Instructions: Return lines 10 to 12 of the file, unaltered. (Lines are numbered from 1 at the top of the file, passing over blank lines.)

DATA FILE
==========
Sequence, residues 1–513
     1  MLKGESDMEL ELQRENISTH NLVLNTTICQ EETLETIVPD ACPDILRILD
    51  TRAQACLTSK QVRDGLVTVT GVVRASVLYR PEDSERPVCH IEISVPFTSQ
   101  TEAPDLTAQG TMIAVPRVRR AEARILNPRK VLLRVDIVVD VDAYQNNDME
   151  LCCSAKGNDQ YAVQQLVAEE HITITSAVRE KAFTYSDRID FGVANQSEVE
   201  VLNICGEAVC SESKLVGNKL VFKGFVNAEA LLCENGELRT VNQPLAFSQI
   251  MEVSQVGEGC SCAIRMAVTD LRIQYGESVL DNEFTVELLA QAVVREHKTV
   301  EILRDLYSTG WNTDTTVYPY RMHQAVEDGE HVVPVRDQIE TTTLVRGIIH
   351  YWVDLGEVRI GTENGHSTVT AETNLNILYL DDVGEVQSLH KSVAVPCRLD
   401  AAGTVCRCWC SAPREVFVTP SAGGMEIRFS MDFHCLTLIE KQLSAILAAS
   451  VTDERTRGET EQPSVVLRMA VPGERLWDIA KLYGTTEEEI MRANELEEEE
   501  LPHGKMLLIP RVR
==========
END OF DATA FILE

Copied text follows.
   401  AAGTVCRCWC SAPREVFVTP SAGGMEIRFS MDFHCLTLIE KQLSAILAAS
   451  VTDERTRGET EQPSVVLRMA VPGERLWDIA KLYGTTEEEI MRANELEEEE
   501  LPHGKMLLIP RVR